Geological Interpretation of a Curiosity Rover Image.

Mount Sharp Geological Sketch

Geological sketch of Mount Sharp, Mars.

Having seen some of the glorious images sent back by NASA’s Curiosity (Mars Science Laboratory) rover and the rather (geologically) uninformative BBC News and NASA/JPL reports upon them I thought I’d create a geological sketch interpretation. So, here it is:

Horizontally bedded rocks on Earth are generally laid down in water, so the lower unit was most likely to have been deposited in a wet environment.

Large scale cross bedded rocks are usually sub-arial wind-blown deposits, as in sand dunes. The bedding being the shadow of the trailing slope of the dunes as they march across the landscape. What you see left behind is the root of the dune.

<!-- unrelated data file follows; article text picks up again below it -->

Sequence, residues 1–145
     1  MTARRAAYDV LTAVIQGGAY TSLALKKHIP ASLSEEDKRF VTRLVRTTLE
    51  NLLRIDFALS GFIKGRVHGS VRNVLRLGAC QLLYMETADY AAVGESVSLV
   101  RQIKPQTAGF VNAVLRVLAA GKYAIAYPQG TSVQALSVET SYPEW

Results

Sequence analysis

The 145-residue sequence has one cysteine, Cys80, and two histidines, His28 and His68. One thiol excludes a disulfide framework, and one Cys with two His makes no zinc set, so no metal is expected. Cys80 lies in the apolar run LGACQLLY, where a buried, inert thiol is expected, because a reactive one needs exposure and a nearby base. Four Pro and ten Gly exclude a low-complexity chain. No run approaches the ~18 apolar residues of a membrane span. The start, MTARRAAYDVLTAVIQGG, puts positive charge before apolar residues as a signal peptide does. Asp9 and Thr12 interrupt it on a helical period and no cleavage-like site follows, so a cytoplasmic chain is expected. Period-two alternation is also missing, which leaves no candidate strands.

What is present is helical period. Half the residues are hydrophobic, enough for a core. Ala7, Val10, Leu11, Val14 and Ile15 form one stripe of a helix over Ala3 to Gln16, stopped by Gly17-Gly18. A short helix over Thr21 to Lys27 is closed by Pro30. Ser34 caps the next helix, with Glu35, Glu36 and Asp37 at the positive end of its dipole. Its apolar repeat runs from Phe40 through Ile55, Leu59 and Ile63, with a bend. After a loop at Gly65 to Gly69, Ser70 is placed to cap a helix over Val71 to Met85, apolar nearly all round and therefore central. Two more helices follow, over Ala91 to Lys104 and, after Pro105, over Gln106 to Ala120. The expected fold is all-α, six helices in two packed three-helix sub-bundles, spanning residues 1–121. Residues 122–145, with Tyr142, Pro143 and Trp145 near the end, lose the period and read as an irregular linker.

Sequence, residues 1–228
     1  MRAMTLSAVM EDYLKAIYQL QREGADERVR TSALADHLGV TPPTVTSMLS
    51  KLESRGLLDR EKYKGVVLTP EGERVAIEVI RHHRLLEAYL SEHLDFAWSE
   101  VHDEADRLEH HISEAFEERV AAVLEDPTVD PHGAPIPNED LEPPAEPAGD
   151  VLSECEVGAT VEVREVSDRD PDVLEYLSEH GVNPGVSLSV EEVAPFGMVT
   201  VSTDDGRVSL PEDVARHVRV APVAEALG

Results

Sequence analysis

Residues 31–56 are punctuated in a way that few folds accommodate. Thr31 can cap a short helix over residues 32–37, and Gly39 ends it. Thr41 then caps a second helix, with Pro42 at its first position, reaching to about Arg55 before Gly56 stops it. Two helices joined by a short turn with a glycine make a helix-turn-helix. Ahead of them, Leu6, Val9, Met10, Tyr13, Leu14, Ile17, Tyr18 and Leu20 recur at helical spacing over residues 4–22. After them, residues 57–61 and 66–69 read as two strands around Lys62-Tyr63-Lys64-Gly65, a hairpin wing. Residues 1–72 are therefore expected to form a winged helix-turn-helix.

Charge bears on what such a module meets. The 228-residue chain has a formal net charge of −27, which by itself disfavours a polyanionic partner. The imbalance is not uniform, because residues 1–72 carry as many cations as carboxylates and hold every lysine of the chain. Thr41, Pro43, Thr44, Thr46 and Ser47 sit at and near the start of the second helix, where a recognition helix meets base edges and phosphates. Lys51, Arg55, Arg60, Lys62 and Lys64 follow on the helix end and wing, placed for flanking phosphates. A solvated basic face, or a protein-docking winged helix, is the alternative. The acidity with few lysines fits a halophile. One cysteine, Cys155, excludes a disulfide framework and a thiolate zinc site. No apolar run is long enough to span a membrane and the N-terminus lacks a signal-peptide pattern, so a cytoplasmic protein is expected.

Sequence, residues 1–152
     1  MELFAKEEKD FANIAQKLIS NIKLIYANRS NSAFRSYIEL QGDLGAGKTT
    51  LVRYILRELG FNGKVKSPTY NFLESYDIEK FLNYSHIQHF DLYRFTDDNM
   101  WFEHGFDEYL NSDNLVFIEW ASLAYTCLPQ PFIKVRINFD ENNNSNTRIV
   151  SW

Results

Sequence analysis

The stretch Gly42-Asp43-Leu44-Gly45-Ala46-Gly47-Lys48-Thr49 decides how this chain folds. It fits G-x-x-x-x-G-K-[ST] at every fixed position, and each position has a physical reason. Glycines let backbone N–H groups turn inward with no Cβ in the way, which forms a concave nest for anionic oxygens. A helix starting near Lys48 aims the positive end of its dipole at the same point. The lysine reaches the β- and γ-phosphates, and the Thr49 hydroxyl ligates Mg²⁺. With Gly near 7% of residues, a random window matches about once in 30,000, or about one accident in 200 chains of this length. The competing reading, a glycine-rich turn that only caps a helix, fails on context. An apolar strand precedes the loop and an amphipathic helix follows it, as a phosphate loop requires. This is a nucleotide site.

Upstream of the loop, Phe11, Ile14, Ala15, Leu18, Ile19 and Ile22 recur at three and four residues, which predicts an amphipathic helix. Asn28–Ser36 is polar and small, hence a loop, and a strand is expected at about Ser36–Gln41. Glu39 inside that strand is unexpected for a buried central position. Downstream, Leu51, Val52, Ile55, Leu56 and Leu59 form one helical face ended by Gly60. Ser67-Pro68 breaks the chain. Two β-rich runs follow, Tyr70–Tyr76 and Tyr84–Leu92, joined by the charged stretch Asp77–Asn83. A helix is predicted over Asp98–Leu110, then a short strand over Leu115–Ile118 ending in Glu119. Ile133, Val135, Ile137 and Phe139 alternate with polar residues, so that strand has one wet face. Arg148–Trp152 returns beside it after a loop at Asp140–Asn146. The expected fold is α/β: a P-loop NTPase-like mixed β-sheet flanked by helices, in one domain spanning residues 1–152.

The scale in the image is hard to gauge but seeing as the scarp is a couple of miles from the rover, the size of the dunes which generated the cross bedded units must have been many hundreds of metres high.

It should also be noted that the top of the lower, horizontally bedded unit seems to be an uneven erosional surface, suggesting a large time gap between the lower unit’s deposition and that of the upper unit.